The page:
How many people have had a first Covid-19 vaccination dose in each of Suffolk's districts?
More than half of all adults in every district in Suffolk have had a Covid jab, the latest figures reveal.
The number of those in the county to receive their first dose of vaccine is now more than 385,000, as of March 21.
That figure is believed to be even higher, as this week officials said that Suffolk had the highest rate of Covid-19 vaccinations anywhere in the UK, as of March 25.
The Local Outbreak Engagement Board meeting heard that more than half a million people in the county have now had a jab, with 60 per cent of the population of Suffolk and North East Essex (SNEE) having had a first dose.
That made it the top in the UK as of Thursday for vaccinating the top nine priority groups - over 50s, care home residents and those most at risk.
And data published by NHS England on March 25 - for the period between December 8, 2020, and March 21, 2021 - shows how many people have had a first jab by district.
Leading the way is East Suffolk, where 137,409 people have been jabbed - equating to around 66 per cent of the adult population.
Vaccine clinics in Babergh have given a first jab to the next highest percentage of adults, with 65 per cent, where 50,004 residents have received a first dose.
Mid Suffolk is third with 64 per cent - 56,124 people, followed by West Suffolk where 56 per cent of adults (81,818) have had a vaccination.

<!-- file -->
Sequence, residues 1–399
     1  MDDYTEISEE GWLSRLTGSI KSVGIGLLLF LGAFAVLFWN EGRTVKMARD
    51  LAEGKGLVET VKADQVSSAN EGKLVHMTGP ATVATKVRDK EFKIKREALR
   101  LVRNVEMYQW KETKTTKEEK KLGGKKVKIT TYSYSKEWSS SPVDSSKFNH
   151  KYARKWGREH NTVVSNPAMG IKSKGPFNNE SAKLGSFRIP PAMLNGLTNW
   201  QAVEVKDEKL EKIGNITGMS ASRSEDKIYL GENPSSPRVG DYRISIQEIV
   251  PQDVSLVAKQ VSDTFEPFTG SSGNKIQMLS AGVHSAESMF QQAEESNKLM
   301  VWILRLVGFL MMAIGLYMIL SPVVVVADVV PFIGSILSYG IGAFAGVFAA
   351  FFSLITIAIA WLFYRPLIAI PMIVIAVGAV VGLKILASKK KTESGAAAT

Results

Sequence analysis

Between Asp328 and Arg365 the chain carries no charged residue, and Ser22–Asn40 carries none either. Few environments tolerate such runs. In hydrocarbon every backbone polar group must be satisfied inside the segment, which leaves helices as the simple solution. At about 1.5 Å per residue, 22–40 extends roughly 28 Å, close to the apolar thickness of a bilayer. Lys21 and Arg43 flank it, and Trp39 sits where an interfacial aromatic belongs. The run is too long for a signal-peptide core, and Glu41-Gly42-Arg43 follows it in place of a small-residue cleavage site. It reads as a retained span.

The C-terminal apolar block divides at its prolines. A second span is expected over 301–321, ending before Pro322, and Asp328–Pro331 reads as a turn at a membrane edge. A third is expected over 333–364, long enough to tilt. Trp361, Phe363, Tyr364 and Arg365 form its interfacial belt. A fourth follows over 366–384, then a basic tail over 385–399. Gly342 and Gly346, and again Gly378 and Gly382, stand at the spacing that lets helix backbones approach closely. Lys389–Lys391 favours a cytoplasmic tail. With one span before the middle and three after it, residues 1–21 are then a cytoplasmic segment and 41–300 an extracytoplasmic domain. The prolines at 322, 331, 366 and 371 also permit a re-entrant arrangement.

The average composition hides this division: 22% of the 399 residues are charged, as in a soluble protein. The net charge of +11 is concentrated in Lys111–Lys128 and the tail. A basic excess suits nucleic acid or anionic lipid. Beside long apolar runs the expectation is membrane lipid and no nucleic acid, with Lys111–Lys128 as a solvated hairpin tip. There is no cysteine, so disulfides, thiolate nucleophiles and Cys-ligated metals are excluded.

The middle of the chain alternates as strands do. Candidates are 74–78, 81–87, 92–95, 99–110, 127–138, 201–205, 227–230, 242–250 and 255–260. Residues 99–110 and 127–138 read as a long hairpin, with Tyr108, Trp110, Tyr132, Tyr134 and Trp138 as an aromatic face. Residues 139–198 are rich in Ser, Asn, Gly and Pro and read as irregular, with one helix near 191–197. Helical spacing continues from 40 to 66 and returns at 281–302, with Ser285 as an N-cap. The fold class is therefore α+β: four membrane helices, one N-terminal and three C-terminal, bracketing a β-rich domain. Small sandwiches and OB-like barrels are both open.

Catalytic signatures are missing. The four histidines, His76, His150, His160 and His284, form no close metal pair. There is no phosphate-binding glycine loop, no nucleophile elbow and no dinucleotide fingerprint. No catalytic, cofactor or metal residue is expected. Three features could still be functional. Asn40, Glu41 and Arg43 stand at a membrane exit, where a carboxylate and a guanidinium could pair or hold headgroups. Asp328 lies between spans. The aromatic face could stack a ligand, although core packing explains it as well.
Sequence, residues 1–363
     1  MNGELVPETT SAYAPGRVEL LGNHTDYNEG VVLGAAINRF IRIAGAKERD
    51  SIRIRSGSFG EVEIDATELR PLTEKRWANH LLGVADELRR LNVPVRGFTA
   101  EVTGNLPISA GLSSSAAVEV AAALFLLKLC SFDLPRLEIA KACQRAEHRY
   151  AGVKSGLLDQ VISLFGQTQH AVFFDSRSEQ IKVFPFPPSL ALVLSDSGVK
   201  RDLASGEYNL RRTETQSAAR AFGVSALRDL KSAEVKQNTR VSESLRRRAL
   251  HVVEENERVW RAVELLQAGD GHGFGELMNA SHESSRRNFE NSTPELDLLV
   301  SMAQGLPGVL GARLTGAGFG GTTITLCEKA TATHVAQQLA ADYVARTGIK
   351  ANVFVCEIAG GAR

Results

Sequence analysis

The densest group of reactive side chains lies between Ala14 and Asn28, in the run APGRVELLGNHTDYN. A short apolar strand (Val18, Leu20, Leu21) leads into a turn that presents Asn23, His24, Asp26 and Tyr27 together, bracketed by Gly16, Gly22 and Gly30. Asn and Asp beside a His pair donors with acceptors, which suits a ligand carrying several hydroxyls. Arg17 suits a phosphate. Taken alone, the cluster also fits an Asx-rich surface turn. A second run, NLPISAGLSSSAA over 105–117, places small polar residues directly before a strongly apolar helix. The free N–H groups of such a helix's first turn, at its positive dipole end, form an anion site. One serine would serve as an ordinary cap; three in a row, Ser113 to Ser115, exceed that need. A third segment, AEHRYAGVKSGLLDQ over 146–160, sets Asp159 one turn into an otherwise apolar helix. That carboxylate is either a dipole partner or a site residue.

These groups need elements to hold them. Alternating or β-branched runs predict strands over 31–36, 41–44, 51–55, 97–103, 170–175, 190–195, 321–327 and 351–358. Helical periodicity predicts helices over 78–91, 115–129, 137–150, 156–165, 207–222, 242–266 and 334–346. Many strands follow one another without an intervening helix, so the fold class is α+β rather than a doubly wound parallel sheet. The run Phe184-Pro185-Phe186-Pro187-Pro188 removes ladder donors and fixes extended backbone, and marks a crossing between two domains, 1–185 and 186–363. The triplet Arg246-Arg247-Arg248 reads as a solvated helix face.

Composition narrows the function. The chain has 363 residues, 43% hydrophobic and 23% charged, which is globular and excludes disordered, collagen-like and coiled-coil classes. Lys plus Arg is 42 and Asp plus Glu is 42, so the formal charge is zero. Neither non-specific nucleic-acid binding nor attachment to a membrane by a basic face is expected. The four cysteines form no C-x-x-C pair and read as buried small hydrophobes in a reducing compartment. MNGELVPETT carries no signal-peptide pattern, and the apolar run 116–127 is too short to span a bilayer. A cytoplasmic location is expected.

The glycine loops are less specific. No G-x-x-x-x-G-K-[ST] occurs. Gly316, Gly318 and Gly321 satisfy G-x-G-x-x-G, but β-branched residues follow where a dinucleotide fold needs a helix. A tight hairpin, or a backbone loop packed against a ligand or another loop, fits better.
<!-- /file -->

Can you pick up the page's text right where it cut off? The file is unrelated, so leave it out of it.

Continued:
And in Ipswich, 55 per cent of adults have had at least one jab, equating to 60,394 people.
While those numbers will have increased over the last few days, the rollout is likely to slow down in the coming weeks, as Suffolk and North East Essex (SNEE) Covid-19 Vaccine Service has confirmed there will be a reduction in weekly supply available from manufacturers beginning in the week commencing March 29.
A statement on the SNEE Covid-19 Vaccine Service website says this will meant the volumes of first doses will be 'constrained', but people due to receive a second dose will still get one.
"The predictions are that this will be for a four-week period, as a result of reductions in national inbound vaccines supply," it adds.
"So the NHS is planning accordingly. The national vaccination delivery programme was designed to be flexible, scaled up and diversified in line with fluctuating international vaccine supplies. We have planned for this."
The team say that during this period, the priority will be on the most vulnerable in cohorts 1 to 12, and from April, those who have had a first dose will be entitled to a second dose, which they said are 'very important'.
Meanwhile, the UK is expecting to receive its first shipment of the Moderna coronavirus vaccine next month, Culture Secretary Oliver Dowden confirmed today.